shutil.copyfile('source.txt', 'destination.txt')

shutil.copy signature

shutil.copy(src_file, dest_file, *, follow_symlinks=True)

# example
shutil.copy('source.txt', 'destination.txt')

shutil.copy2 signature

shutil.copy2(src_file, dest_file, *, follow_symlinks=True)

# example
shutil.copy2('source.txt', 'destination.txt')  

shutil.copyfileobj signature

shutil.copyfileobj(src_file_object, dest_file_object[, length])

# example
file_src = 'source.txt'  
f_src = open(file_src, 'rb')

file_dest = 'destination.txt'  
f_dest = open(file_dest, 'wb')

shutil.copyfileobj(f_src, f_dest)  

2) Copying files using os module

os.popen signature

os.popen(cmd[, mode[, bufsize]])

# example
# In Unix/Linux
os.popen('cp source.txt destination.txt') 

# In Windows
os.popen('copy source.txt destination.txt')

os.system signature

os.system(command)


# In Linux/Unix
os.system('cp source.txt destination.txt')  

# In Windows
os.system('copy source.txt destination.txt')

3) Copying files using subprocess module

subprocess.call signature

subprocess.call(args, *, stdin=None, stdout=None, stderr=None, shell=False)

# example (WARNING: setting `shell=True` might be a security-risk)
# In Linux/Unix
status = subprocess.call('cp source.txt destination.txt', shell=True) 

# In Windows
status = subprocess.call('copy source.txt destination.txt', shell=True)

subprocess.check_output signature

subprocess.check_output(args, *, stdin=None, stderr=None, shell=False, universal_newlines=False)

# example (WARNING: setting `shell=True` might be a security-risk)
# In Linux/Unix
status = subprocess.check_output('cp source.txt destination.txt', shell=True)

# In Windows
status = subprocess.check_output('copy source.txt destination.txt', shell=True)

Use the shutil module.

copyfile(src, dst)

Copy the contents of the file named src to a file named dst. The destination location must be writable; otherwise, an IOError exception will be raised. If dst already exists, it will be replaced. Special files such as character or block devices and pipes cannot be copied with this function. src and dst are path names given as strings.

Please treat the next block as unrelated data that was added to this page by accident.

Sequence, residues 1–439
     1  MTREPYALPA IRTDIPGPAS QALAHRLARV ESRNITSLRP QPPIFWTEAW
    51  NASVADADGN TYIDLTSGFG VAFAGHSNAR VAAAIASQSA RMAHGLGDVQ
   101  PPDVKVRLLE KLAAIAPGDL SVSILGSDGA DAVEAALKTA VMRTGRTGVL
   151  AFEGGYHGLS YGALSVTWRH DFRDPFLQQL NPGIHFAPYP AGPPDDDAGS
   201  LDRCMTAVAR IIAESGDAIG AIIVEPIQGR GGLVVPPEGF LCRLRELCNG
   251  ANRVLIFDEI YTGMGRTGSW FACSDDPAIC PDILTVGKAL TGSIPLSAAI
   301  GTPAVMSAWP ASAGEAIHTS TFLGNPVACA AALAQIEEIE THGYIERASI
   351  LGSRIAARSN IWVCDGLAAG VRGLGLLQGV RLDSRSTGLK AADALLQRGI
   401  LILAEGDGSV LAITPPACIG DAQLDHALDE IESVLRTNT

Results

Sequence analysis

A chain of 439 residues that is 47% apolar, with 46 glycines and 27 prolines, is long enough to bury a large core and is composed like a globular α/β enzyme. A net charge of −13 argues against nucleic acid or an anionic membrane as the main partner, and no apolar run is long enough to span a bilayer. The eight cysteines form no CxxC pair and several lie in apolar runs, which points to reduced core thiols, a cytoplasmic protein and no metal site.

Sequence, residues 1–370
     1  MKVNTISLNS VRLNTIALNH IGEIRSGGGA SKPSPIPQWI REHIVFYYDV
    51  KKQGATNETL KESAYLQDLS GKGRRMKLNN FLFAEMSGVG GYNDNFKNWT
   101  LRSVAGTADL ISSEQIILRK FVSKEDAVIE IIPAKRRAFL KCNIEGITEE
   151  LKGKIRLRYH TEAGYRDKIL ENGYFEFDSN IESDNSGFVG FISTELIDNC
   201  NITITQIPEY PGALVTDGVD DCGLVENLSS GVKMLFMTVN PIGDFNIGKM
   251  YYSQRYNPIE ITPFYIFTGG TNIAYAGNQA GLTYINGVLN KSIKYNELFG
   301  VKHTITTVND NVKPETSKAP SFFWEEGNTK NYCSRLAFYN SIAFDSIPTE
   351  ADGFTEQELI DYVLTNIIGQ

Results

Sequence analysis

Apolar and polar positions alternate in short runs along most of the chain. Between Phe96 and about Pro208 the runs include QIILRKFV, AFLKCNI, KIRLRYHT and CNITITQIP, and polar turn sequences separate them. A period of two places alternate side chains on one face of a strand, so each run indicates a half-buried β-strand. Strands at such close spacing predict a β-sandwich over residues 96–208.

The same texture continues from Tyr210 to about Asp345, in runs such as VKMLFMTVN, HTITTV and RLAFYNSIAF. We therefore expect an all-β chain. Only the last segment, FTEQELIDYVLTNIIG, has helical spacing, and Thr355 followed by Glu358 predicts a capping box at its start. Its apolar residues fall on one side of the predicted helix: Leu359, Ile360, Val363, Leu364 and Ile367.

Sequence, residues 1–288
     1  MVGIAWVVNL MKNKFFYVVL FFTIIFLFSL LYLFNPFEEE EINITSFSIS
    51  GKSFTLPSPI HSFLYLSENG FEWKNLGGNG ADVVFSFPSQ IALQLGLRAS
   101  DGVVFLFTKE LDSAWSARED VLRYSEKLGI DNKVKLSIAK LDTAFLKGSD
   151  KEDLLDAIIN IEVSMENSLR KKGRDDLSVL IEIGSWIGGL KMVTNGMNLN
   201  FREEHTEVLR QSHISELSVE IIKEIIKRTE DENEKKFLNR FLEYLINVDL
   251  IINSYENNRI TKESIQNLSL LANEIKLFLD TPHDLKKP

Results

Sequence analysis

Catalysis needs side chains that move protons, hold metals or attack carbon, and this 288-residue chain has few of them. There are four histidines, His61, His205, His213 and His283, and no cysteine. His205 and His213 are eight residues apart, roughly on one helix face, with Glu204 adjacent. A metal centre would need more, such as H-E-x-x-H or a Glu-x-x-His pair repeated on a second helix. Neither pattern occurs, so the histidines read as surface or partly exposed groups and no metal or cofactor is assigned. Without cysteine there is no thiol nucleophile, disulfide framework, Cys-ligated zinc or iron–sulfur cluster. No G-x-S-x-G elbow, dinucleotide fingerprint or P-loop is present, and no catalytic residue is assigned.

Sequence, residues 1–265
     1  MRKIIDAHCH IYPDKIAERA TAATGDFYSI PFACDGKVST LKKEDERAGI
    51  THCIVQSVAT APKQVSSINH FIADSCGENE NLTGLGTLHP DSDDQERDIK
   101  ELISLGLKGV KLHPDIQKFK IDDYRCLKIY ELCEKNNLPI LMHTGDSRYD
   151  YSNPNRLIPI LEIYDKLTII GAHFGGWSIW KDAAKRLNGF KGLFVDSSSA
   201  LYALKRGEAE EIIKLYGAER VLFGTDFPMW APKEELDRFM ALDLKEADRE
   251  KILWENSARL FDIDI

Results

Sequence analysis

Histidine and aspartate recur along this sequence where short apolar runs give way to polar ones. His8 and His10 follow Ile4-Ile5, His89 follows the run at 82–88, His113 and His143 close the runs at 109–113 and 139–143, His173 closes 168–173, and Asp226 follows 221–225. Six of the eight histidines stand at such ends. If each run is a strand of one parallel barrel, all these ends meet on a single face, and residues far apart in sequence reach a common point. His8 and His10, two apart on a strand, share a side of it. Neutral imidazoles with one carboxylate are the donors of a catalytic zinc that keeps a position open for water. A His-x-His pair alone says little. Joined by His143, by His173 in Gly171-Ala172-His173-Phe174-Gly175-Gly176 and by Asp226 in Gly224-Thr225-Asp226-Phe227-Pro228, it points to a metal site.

Take a look at filesys for all the file and directory handling functions available in standard Python modules.

Directory and File copy example - From Tim Golden's Python Stuff:

http://timgolden.me.uk/python/win32_how_do_i/copy-a-file.html

import os
import shutil
import tempfile

filename1 = tempfile.mktemp (".txt")
open (filename1, "w").close ()
filename2 = filename1 + ".copy"
print filename1, "=>", filename2

shutil.copy (filename1, filename2)

if os.path.isfile (filename2): print "Success"

dirname1 = tempfile.mktemp (".dir")
os.mkdir (dirname1)
dirname2 = dirname1 + ".copy"
print dirname1, "=>", dirname2

shutil.copytree (dirname1, dirname2)

if os.path.isdir (dirname2): print "Success"

Firstly, I made an exhaustive cheatsheet of shutil methods for your reference.

shutil_methods =
{'copy':['shutil.copyfileobj',
          'shutil.copyfile',
          'shutil.copymode',
          'shutil.copystat',
          'shutil.copy',
          'shutil.copy2',
          'shutil.copytree',],
 'move':['shutil.rmtree',
         'shutil.move',],
 'exception': ['exception shutil.SameFileError',
                 'exception shutil.Error'],
 'others':['shutil.disk_usage',
             'shutil.chown',
             'shutil.which',
             'shutil.ignore_patterns',]
}

Secondly, explain methods of copy in exmaples:

  1. shutil.copyfileobj(fsrc, fdst[, length]) manipulate opened objects
In [3]: src = '~/Documents/Head+First+SQL.pdf'
In [4]: dst = '~/desktop'
In [5]: shutil.copyfileobj(src, dst)
AttributeError: 'str' object has no attribute 'read'